19 Dec Awareness of Breast Density Importance Varies by State Laws and Social Factors
MedicalResearch.com Interview with:
Nancy R. Kressin, PhD
VA Medical Center, Jamaica Plain Campus
MedicalResearch.com: What is the background for this study?
Response: State-level legislation requires informing women about breast density (BD) with mammogram results, to increase awareness of BD’s tendency to mask cancers on mammography, its association with increased breast cancer risk, and to encourage women to discuss personal risk and supplemental screening with physicians.
The Food and Drug Administration is currently developing dense breast notification (DBN) language for use nationwide; information about effects of state DBNs could be informative for FDA’s language.
MedicalResearch.com: What are the main findings?
Response: The proportion of women who had heard of breast density was 76%, with no differences by state DBN status. In bivariate and multivariate results, women with less education, lower incomes and non-white race/ethnicity were less likely to have heard of breast density. Among women who had heard of breast density, bivariate analyses showed that the percentage of women endorsing that BD means how breasts feel when one touches them was less (better) among white women, those residing in DBN states, with higher incomes, and college degrees; state DBN status and race/ethnicity remained significant in multivariate analyses. There were no bivariate state DBN status differences regarding women’s knowledge of whether dense breasts increase risk of breast cancer; less than half of women recognized this risk. There were no differences in having discussed BD with a doctor, but among those not yet having had such discussions, all results indicated that women residing in DBN states, with higher incomes and non-Hispanic ethnicity were less likely to plan such discussions.
MedicalResearch.com: What should readers take away from your report?
Response: This national survey found few differences in outcomes by state DBN status but numerous differences disadvantaging lower socioeconomic status and racial/ethnic minority women. Results identified greater anxiety and confusion about breast density among black women, which has also been found by others. The differences in outcomes we observed for vulnerable women suggest that future DBNs should address these gaps to optimize outcomes. Given the discordance of state DBNs’ literacy levels and readability with their populations’ levels (which we previously found), the present findings underscore the importance of crafting federal DBNs in clear, plain language, and rigorously testing the proposed language with diverse samples, to ensure that the positive goals of increased breast density awareness, knowledge, and discussions with physicians about personal risk for breast cancer, and supplemental screening appropriate to such risk, are achieved for all women.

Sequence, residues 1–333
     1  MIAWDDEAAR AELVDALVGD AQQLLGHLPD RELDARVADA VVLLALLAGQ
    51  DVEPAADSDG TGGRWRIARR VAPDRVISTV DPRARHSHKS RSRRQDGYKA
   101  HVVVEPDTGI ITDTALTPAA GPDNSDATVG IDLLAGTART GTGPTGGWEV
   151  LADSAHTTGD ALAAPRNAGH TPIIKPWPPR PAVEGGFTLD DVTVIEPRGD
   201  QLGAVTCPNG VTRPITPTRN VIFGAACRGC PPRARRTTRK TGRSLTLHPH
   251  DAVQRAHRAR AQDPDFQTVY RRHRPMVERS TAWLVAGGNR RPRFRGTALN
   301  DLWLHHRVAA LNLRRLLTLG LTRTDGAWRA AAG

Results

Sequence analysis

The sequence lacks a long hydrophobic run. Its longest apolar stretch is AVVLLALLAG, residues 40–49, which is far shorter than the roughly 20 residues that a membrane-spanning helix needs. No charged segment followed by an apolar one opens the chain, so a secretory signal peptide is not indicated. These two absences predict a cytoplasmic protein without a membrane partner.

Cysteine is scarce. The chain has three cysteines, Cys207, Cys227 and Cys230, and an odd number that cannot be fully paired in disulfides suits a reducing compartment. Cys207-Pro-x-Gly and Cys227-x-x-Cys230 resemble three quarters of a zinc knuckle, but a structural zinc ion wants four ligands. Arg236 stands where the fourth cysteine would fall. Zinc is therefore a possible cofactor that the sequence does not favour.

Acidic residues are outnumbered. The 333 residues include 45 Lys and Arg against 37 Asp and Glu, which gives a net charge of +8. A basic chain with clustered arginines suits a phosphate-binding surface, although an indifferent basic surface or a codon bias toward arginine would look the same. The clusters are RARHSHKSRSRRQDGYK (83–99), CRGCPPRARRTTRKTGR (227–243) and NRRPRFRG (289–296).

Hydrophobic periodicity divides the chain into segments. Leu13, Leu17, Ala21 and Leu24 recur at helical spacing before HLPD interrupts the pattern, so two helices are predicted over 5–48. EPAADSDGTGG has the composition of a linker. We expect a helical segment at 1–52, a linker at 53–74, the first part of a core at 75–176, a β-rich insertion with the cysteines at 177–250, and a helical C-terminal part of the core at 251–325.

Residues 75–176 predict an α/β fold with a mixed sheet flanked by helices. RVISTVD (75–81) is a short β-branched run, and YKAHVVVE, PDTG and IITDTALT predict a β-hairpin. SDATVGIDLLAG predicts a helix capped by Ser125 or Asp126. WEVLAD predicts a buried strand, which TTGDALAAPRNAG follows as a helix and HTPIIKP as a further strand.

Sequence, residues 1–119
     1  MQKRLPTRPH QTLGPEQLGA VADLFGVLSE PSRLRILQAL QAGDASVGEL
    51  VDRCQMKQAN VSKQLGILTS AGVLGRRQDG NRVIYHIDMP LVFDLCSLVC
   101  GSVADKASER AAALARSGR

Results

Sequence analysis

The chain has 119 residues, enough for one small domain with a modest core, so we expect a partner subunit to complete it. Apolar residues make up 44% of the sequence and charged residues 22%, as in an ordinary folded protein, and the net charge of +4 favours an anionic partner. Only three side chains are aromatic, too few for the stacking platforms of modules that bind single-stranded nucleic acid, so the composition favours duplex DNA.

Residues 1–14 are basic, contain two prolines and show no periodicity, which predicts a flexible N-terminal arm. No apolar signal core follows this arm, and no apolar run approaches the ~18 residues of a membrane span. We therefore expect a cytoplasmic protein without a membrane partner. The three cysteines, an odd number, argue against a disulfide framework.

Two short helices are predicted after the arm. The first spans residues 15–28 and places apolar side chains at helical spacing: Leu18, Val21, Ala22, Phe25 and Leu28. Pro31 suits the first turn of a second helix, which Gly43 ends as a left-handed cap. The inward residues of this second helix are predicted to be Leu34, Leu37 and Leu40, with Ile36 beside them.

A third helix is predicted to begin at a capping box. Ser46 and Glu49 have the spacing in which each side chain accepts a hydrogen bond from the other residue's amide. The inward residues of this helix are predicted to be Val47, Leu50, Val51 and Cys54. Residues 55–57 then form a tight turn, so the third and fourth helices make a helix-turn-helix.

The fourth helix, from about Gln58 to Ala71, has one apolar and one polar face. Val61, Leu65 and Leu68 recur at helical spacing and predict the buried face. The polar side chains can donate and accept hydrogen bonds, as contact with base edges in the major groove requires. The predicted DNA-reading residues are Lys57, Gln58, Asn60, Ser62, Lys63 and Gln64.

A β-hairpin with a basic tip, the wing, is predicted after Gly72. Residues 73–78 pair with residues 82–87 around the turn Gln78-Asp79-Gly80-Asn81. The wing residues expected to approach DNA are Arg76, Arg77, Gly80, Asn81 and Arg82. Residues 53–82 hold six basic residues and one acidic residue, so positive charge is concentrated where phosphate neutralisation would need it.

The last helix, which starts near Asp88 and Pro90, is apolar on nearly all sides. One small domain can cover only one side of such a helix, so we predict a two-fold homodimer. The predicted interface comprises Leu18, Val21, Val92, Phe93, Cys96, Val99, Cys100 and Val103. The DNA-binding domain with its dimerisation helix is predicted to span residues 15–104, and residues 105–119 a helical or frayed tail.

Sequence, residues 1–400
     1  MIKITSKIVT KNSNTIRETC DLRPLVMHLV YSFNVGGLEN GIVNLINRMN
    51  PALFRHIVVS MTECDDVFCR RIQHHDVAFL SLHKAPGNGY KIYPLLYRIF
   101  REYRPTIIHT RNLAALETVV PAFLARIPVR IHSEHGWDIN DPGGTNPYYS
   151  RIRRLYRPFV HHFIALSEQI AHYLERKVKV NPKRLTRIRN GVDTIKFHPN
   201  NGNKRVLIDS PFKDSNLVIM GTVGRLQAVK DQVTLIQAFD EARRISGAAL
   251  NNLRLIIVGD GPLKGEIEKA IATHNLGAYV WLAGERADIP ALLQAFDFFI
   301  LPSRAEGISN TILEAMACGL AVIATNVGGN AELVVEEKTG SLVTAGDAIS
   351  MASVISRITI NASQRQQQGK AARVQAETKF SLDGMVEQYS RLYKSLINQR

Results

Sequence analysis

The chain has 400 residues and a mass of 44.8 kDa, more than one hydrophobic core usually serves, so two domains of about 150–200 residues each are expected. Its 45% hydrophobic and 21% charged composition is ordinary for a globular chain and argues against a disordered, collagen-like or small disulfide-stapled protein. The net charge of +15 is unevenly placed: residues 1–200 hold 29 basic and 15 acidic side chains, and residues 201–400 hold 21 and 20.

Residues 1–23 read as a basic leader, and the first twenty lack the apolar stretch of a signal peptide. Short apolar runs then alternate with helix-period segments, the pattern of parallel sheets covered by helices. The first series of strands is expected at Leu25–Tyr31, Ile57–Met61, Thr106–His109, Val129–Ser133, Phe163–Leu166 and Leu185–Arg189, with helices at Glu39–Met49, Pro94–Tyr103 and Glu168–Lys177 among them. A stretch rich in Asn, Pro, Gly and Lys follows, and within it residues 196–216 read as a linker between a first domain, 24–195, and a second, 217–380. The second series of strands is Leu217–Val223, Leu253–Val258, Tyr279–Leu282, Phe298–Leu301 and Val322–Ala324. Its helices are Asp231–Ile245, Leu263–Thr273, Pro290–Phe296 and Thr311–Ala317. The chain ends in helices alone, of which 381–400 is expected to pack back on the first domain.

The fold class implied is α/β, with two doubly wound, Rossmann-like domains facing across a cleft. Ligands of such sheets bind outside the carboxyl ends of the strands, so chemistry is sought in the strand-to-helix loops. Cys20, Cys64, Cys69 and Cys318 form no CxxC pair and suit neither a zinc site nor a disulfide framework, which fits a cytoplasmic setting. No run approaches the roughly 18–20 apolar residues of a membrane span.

MedicalResearch.com: What recommendations do you have for future research as a result of this work?
Response: We recommend that future research rigorously evaluate the effects of different ways of wording dense breast notifications, and whether the effects vary by women’s sociodemographic characteristics, to ensure that the information is understandable to all women and that the notifications lead to their desired effects (and not to other, unintended effects).
Differences in Breast Density Awareness, Knowledge, and Plans Based on State Legislation Status and Sociodemographic Characteristics
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